Specific examples of how Atticus taught his children tolerance, and examples of how the kids displayed it.

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MISS CAROLINE.  After Miss Caroline scolded Scout and demanded that her father stop teaching her to read since "your father does not know how to teach," Atticus first taught her about how to "climb into his skin and walk around in it." Scout took his advice and saw her teacher in a new light--young, inexperienced and imperfect, but "a pretty little thing."

THE "N" WORD.  When Scout demanded to know if Atticus really "defended niggers," he replied,

    "Of course I do. Don't say nigger, Scout. That's common." 
    " 's what everybody at school says."
    "From now on, it'll be everybody less one."  

Scout discards the use of the "N" word from that point, and after spending time with Calpurnia at church and witnessing the treatment of Tom Robinson, she gains an understanding of the injustices that Maycomb Negroes faced.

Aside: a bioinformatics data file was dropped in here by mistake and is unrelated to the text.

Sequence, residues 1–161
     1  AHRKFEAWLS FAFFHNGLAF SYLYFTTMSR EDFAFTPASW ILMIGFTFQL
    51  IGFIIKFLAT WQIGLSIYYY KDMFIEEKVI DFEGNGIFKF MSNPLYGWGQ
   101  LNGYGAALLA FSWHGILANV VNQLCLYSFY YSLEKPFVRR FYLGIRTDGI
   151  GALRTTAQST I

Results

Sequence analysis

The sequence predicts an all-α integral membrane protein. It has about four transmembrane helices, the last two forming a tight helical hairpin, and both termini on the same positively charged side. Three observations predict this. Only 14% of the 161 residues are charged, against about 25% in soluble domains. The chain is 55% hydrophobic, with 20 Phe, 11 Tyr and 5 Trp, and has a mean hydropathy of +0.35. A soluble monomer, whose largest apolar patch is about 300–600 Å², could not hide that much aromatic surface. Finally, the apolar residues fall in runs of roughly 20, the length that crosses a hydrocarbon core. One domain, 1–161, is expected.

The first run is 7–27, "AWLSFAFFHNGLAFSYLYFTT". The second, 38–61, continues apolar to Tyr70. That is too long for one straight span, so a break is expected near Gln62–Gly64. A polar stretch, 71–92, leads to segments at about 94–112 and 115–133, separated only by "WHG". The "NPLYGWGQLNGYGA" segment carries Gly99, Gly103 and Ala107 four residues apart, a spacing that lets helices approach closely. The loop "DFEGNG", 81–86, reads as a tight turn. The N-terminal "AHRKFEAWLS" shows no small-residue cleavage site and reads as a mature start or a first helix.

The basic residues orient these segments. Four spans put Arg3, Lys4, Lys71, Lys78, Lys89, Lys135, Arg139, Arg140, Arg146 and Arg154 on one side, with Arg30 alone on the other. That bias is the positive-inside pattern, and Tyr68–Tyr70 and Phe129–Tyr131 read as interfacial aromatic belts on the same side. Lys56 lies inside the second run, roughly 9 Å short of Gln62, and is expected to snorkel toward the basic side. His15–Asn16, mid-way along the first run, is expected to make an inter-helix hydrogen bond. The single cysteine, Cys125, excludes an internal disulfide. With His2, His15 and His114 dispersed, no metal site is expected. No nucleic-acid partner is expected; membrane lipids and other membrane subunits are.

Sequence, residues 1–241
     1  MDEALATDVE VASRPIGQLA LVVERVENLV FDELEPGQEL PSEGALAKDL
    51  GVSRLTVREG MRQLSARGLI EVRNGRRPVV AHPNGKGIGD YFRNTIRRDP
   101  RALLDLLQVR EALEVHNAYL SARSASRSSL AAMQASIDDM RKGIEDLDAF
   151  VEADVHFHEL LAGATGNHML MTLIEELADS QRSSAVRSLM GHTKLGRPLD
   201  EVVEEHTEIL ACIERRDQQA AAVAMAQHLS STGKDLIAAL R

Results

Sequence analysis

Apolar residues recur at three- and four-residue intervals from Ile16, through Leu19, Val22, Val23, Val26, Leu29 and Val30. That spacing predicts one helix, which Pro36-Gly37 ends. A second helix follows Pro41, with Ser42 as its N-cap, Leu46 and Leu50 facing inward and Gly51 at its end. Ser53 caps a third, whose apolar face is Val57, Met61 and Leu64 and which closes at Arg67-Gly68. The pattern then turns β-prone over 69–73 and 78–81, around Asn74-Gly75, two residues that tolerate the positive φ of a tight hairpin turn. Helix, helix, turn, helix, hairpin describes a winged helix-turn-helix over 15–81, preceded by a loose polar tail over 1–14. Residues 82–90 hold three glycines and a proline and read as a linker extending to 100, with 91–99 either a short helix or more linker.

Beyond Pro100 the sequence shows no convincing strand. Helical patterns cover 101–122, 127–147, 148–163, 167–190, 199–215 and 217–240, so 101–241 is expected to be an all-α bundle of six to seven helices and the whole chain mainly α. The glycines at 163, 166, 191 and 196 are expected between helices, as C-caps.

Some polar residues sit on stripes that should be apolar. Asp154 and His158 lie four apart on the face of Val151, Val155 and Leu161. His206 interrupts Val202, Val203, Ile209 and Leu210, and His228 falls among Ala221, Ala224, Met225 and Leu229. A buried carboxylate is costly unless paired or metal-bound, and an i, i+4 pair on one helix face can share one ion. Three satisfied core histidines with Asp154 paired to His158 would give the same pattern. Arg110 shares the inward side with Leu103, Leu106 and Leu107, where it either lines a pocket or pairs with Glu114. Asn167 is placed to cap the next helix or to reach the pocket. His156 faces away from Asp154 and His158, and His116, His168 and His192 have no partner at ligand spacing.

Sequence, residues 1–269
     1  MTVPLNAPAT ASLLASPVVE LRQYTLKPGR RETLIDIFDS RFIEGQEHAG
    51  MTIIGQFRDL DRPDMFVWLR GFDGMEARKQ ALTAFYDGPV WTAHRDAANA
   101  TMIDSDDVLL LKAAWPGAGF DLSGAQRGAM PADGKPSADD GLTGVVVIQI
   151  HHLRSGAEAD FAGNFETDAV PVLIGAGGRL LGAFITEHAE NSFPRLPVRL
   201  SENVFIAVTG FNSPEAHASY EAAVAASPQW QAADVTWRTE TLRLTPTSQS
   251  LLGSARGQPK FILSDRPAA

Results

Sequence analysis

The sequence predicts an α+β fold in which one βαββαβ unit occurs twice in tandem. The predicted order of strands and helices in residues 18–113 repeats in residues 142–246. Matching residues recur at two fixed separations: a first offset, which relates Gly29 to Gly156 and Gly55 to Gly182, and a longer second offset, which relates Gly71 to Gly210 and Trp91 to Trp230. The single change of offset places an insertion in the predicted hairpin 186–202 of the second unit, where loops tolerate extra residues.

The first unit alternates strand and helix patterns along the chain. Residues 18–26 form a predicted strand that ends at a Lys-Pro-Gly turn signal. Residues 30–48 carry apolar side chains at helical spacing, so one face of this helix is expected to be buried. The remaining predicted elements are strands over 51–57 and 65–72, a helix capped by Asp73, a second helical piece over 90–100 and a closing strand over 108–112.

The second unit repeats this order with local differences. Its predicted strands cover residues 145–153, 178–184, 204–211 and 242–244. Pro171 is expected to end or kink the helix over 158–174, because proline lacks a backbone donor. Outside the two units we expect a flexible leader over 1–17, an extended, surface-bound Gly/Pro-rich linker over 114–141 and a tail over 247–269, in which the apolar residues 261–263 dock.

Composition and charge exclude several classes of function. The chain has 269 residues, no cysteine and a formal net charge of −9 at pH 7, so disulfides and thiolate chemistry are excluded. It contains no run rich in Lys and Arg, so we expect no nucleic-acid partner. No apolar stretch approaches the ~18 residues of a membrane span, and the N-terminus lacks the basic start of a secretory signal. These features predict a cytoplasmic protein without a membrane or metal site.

HUMILITY.  Jem and Scout are amazed at Atticus' "One-Shot" Finch legacy, but after Miss Maudie explains that talented people never need to brag about their talents, they see him in a new light. Jem proclaims, "Atticus is a gentleman, just like me." He tells Scout not to mention his marksmanship skills to Atticus, and his growing pains begin shortly thereafter. He even begins to show Scout some newfound big brotherly respect.

Read the study guide:
To Kill a Mockingbird

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